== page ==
MAPPING THE ELECTORAL POWER OF LOW INCOME VOTERS

Published

It seems a little risky in retrospect, but since launching three years ago, the Poor People’s Campaign has been executing its political strategy on a dearly held hunch: namely, that increasing the volume of poor and low income voters will make for more democratic elections and more equitable social policy. Putting their intuition to the test, the national advocacy group, which garnered 3 million attendees at its virtual Moral March on Washington in June, commissioned a study to learn if their best guess, which Poor People’s Campaign policy director Shailly Gupta Barnes calls more of “a motivating belief,” was even in the ballpark.

What they learned made them glad they’d followed their political instincts. According to Rev. Dr. Liz Theoharis, a co-director of the Poor People’s Campaign, the data empirically prove what the organizers themselves have long understood—“poor and low income people can become a transformative new electorate.” Especially in the South, where they’ve already made a difference in competitive gubernatorial races in Kentucky and North Carolina, unseating incumbents even in the face of extreme voter suppression.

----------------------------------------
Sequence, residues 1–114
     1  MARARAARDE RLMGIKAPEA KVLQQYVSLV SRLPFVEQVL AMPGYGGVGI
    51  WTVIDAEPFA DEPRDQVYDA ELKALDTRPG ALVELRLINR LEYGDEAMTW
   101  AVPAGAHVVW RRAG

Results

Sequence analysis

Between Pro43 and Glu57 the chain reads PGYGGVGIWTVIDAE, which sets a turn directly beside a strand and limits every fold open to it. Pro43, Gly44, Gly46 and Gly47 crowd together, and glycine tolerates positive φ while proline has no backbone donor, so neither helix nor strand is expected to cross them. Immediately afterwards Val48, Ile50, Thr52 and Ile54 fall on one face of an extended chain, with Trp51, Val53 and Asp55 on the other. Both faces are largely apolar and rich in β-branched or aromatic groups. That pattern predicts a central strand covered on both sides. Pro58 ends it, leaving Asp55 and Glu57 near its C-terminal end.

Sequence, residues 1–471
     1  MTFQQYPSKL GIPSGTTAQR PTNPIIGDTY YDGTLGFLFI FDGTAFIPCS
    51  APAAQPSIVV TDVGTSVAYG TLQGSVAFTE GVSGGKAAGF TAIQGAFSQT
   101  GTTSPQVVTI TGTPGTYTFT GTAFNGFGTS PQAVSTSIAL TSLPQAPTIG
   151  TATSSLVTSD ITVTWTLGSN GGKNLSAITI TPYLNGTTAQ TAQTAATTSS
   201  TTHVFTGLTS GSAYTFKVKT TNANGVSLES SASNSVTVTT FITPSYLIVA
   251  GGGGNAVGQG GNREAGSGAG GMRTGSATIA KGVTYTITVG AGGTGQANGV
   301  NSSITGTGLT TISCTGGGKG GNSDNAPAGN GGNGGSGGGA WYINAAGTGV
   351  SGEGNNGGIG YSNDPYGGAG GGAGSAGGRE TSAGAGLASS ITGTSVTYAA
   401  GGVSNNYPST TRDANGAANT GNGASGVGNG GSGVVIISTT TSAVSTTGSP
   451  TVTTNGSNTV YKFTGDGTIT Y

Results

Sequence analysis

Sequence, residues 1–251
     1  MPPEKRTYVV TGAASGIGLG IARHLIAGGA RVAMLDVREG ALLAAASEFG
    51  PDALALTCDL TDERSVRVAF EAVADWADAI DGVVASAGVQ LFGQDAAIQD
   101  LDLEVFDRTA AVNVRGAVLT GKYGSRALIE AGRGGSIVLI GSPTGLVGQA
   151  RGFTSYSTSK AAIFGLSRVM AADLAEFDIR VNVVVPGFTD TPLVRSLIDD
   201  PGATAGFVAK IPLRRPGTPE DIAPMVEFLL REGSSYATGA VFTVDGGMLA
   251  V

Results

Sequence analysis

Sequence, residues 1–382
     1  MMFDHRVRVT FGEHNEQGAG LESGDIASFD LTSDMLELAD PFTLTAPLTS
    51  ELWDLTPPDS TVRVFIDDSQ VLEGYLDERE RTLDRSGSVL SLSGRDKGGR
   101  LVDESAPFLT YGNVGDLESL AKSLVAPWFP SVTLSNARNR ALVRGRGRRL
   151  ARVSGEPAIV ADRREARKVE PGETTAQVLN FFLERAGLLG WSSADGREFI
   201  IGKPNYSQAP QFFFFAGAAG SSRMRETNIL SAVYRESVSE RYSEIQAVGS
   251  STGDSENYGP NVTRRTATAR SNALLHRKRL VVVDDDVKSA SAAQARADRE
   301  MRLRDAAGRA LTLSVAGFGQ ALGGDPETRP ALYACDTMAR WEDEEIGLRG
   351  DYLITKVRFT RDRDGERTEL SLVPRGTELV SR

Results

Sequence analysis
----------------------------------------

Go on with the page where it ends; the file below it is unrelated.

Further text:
As the national conventions of the two major U.S. political parties approach, the Democrats on August 17-20, followed by the Republicans on August 24-27, the Poor People’s Campaign has released a white paper written by Robert Paul Hartley, an economist with the Center on Poverty and Social Policy at Columbia University. Entitled Unleashing the Power of Poor and Low-Income Americans: Changing the Political Landscape, the 22-page analysis crunches numbers from the MIT Election Data and Science Lab’s 2017 reports on presidential and U.S. Senate elections and the Current Population Survey from the U.S. Census Bureau and the U.S. Bureau of Labor Statistics.